Brad Jones Answers Your Questions

Do you have your own questions for the state representative? Let us know.

North Reading Patch, in corporation with Reading Patch and Lynnfield Patch, have introduced a feature where we bring your questions to State Rep. Brad Jones.

Once per month, we will ask you what one question about a local issue you would ask Jones if you had 20 minutes to sit down with him. 

So, if you have a question for Brad Jones, ask it in the comment section below, or email mattc@patch.com.

Here are five questions that the state representative answered for this month's installment:

Is there any type of investigation going on to see why the highway starts deteriorating through the white painted lines? And is the paving contractor held responsible for it?

In consultation with the MassDOT (formerly MassHighway) the answer is as follows: During the 1980s and 90s, MassDOT placed a new type of wearing surface on its interstate highways called an Open Graded Friction Course. 

This new pavement type offered improved safety by increasing the friction between the tires of a car and the surface thereby reducing the number of accidents, particularly due to hydro-planing in wet weather. The pavement also had the added benefit of reducing noise during the early years of its service life.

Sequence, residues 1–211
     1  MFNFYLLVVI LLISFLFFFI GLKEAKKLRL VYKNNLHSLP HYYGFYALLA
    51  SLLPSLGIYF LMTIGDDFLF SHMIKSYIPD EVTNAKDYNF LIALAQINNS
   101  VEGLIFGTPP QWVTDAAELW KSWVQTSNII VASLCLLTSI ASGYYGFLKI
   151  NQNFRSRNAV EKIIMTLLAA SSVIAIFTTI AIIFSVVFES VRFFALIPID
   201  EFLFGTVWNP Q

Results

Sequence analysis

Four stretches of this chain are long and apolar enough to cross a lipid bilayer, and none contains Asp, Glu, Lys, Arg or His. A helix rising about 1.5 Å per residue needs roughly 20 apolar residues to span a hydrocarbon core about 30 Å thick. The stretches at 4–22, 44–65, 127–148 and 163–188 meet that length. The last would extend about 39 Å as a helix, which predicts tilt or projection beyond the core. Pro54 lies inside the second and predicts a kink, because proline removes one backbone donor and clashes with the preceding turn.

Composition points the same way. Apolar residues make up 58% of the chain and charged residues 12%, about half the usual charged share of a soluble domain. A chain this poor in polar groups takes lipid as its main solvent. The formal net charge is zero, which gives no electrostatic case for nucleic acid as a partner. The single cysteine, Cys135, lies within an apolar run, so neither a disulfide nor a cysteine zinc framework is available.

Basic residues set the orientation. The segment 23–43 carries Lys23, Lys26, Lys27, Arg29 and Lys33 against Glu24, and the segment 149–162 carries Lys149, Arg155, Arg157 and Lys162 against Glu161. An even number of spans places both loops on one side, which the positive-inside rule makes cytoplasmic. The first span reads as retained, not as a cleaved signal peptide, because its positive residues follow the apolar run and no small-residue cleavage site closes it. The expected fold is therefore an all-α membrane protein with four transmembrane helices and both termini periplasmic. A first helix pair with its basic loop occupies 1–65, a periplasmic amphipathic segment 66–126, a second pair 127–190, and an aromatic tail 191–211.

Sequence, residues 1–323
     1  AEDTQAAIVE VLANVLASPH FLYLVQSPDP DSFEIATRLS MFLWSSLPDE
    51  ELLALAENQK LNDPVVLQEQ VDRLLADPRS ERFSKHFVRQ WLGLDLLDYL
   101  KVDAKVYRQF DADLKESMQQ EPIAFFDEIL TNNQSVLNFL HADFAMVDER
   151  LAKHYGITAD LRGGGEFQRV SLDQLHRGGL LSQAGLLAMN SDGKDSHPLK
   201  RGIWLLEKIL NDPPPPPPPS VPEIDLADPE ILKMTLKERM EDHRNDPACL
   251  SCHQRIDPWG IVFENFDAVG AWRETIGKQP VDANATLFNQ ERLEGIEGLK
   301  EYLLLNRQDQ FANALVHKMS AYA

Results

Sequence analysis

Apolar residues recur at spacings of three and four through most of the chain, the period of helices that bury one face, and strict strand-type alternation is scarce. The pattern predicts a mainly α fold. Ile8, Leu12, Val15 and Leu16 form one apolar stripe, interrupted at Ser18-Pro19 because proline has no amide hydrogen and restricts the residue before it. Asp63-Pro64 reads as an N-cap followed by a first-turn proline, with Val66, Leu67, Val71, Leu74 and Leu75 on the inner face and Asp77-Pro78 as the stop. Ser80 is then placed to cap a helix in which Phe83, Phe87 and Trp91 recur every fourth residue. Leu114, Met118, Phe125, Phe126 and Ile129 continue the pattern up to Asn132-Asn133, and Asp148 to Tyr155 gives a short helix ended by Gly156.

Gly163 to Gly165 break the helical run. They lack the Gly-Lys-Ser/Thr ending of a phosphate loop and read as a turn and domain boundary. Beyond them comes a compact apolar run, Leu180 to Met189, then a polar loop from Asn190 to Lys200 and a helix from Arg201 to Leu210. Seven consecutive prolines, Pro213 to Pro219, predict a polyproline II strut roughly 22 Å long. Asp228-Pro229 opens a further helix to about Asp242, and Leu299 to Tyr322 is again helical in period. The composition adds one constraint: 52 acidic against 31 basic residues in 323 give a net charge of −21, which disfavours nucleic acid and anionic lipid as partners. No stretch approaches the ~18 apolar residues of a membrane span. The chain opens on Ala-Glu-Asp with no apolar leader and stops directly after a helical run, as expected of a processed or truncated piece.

Unfortunately, the MassDOT also experienced a couple of disadvantages as these pavements aged. First, when they degrade, they tend to unravel rather than crack, which causes what we call a delamination of the pavement. Second, to increase the reflectivity of pavement markings, the thermoplastic marking material we used at the time required that it be placed at a higher temperature than had been the case in the past. This higher temperature caused a weakening of the underlying pavement causing further delaminations at the lane line and skip lines. 

Since this problem has come about, MassDOT has had an aggressive program in the last five years to address these deteriorating pavements statewide. 

MassDOT has made changes to the pavement design for the open graded friction course to make them less susceptible to this issue. There were also changes to the pavement marking materials used on these pavements.

The changes first focused on modifications to the materials and application thickness of the pavement and the thickness and application temperature of the thermoplastic lines. Those changes did not have sufficient results so an engineering directive was issued in 2005 discontinuing the use of thermoplastic lines on open graded pavements and substituting the use of epoxy based marking materials. 

The same engineering directive discontinued the use of snowplowable, raised pavement markers on these pavements, which were also found to be a likely contributing factor due to snow plow blades slightly "launching" off the markers and then bouncing on the pavement causing damage that led to deformations. Slotted, recessed pavement markers are now the standard for open graded pavements.

We have made a lot of progress in a short amount of time, but there are still sections of the Interstate System where additional projects are under development to correct defects associated with earlier versions of this open graded wearing surface.